American Taxpayer Relief Act of 2012

I put together a presentation today about the American Taxpayer Relief Act of 2012. I wanted to share some highlights of the changes that occurred with this new regulation. The Act was signed into law by President Obama on Jan. 2, 2013. It prevented many of the tax hikes that were scheduled to go into effect this year and retain many favorable tax breaks that were scheduled to expire. It will also increase income taxes for some high-income individuals. Further, it extends a bunch of expired and expiring tax breaks for businesses and individuals.

Top tax rate increased to 39.6% from 35% for taxpayers making:
• $450,000 for joint filers and surviving spouses
• $425,000 for heads of household
• $400,000 for single filers
• $225,000 for married taxpayers filing separately

Raised the top rate for capital gains and dividends to 20% (up from 15%) for taxpayers making:
• $450,000 for joint filers and surviving spouses
• $425,000 for heads of household
• $400,000 for single filers
• $225,000 for married taxpayers filing separately

Also note that the 2010 Health Care Reconciliation Act includes an additional 3.8% tax on net investment income for joint filers and surviving spouses making $250,000 and single filers making $200,000.

Reinstated personal exemption phaseouts for higher income taxpayers. Under the Personal Exemption Phaseout, the total amount of exemptions that can be claimed by a taxpayer subject to the limitation is reduced by 2% for each $2,500 (or portion thereof) by which the taxpayer’s AGI exceeds the applicable threshold (Inflation adjusted)
• Applicable thresholds (Inflation adjusted for tax years after 2013)
• $300,000 for joint filers and a surviving spouse
• $275,000 for heads of household
• $250,000 for single filers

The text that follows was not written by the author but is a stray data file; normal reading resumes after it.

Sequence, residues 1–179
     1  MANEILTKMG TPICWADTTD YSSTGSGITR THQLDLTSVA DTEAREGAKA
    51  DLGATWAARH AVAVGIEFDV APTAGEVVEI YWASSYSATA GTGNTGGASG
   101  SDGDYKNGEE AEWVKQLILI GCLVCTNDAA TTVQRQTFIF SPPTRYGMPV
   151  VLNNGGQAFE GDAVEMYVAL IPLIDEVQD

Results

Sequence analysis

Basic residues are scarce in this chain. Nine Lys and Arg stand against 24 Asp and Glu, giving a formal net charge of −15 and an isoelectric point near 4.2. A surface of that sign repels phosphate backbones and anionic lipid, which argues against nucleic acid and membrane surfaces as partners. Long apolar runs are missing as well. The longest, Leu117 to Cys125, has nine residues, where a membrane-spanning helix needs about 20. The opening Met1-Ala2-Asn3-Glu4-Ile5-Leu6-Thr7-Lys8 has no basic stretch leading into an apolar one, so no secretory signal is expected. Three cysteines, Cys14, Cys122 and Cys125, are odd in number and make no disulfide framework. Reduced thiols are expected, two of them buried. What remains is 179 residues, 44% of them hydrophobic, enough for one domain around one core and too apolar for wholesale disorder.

• $150,000 for married taxpayers filing separately

Extended for five years the following items that were originally enacted as part of the American Recovery and Investment Tax Act of 2009
• American Opportunity tax credit
– Permits eligible taxpayers to claim a credit equal to 100% of the first $2,000 of qualified tuition and related expenses, and 25% of the next $2,000 of qualified tuition and related expenses (for a maximum tax credit of $2,500 for the first four years of post-secondary education)
• Refundable child credit
– Eased rules for qualification
• Earned income tax credit
– Various changes related to higher EITC amounts for eligible taxpayers with three or more children
– Increased in threshold phaseout amounts for singles, surviving spouses, & heads of households

Retained $5 million exemption amount for estate and gift taxes with slight rate increases
• Prevented steep increases in estate, gift and generation-skipping transfer tax that were slated to occur for individuals dying and gifts made after 2012 by permanently keeping the exemption level at $5,000,000 (as indexed for inflation)

Permanently increased in the top estate & gift tax rate
• Rate increased from 35% to 40%

Extended and modified depreciation provisions
• Extended and modified the 50% bonus depreciation provisions for one year for qualified property placed in service before 2014

These are some of the more relevant items from the American Taxpayer Relief Act of 2012 which I wanted to highlight. If you have any additional comments or questions, please feel free to post a comment or contact me.

2 thoughts on “American Taxpayer Relief Act of 2012

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